9.  
    April 26, 2013 | 11:49 PM
     

    “It’s one of those Zen questions…”

    This reminds me of another Zen question, which was even posed with an ominous zenny gong sounding throughout, where it says “SOUND EFFECT”, on this transcript of the RadioLab guys discussing the ‘Decline Effect’ and Scientific Truth: http://www.onthemedia.org/2011/may/13/the-decline-effect-and-scientific-truth/transcript/

    And one of the examples they used regarding regression to the mean was the case of *2nd generation anti-psychotics*. Listen for the sound of of an ‘interesting’ Drug rep’s one hand clapping:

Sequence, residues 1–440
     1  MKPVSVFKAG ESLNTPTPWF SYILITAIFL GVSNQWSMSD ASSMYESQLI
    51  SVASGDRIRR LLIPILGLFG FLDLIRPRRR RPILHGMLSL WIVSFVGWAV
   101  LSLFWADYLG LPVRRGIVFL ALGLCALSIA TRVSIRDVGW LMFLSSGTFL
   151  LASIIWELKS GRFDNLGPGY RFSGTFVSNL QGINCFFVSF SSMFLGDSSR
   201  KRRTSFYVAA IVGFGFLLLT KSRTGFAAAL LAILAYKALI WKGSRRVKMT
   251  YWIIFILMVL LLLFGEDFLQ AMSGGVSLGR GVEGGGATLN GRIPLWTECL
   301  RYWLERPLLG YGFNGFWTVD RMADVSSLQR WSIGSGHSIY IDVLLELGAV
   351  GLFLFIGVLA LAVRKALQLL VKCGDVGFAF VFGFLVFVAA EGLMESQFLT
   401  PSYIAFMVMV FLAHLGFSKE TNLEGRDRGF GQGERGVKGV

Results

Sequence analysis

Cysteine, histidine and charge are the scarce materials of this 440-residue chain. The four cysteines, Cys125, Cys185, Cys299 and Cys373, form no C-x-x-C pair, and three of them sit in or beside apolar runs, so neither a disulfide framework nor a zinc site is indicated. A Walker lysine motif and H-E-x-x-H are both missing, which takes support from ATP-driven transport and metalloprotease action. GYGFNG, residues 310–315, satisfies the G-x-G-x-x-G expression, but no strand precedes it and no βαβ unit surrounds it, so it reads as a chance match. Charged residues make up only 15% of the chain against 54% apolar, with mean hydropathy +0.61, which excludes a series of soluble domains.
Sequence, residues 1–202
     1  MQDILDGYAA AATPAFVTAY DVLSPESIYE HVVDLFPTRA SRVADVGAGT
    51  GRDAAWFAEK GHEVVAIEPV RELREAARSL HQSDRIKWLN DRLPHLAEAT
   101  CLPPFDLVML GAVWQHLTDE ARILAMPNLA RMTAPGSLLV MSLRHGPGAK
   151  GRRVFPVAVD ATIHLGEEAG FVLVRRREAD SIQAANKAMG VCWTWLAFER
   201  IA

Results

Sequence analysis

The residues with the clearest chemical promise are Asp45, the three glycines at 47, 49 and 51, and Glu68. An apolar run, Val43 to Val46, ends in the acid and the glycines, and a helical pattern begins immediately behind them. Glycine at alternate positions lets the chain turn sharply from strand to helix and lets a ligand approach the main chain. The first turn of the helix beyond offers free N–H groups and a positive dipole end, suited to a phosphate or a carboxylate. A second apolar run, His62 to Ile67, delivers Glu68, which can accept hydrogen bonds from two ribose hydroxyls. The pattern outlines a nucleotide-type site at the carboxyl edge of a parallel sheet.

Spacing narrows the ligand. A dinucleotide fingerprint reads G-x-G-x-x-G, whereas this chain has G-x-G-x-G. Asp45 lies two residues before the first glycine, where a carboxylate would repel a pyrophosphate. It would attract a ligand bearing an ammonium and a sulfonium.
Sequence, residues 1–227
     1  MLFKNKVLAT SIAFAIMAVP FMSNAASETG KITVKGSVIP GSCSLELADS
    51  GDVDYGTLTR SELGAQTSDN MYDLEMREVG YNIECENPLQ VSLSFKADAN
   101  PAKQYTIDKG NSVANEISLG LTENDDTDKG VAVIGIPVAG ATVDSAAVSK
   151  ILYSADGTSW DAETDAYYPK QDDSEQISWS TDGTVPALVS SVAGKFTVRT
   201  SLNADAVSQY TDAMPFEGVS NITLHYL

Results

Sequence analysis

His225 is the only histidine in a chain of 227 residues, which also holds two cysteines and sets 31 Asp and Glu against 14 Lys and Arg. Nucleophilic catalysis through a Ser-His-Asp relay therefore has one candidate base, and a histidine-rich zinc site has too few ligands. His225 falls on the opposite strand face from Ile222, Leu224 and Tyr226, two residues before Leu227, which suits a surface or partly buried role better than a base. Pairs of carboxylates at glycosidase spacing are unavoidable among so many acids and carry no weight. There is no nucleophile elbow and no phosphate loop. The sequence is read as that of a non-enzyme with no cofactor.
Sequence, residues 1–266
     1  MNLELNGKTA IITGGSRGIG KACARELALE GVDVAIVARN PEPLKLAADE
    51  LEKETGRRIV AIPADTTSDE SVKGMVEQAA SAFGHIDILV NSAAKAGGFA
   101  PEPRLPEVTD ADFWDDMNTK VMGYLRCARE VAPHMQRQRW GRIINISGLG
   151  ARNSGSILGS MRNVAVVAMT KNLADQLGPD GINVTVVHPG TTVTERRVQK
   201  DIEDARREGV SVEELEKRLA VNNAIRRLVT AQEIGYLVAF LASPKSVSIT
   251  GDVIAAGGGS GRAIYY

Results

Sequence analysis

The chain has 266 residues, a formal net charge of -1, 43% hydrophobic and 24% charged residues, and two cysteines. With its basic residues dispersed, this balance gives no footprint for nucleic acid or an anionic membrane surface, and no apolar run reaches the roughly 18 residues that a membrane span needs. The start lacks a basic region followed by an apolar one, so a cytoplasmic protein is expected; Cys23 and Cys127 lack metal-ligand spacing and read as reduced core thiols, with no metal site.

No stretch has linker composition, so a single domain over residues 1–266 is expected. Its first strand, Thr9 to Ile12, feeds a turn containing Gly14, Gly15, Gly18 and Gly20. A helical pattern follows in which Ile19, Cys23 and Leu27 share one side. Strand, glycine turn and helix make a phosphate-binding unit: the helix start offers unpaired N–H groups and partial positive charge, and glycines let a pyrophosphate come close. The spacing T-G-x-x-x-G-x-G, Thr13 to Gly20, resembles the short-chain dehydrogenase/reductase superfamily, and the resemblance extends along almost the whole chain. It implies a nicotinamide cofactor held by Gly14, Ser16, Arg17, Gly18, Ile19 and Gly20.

JONATHAN SCHOOLER: And I think this is, for me, the most troubling error to the decline effect, ‘cause you see like second generation anti-psychotic. … These are drugs used to treat people with schizophrenia, bipolar. When they first came out in the late ‘80s, early ‘90s, some studies found that they were about twice as effective than first generation anti-psychotics. JAD ABUMRAD: Mm! JONATHAN SCHOOLER: And then what happened is the standard story of the decline effect. Cue the sound effect. [SOUND EFFECT] Which is clinical trial after clinical trial, the effect size just slowly started to fall apart. You see a similar decline with things like Prozac, and – anti-depressants – ROBERT KRULWICH: Wow! JONATHAN SCHOOLER: The effect of the drugs have gotten weaker, but the placebo effect has also gotten stronger. I was talking to one guy at a drug company who [LAUGHS] – he was kind of interesting. He blamed that on drug advertising. He said that they started to see their placebo effect go up in the late ‘90s when these drug companies started advertising.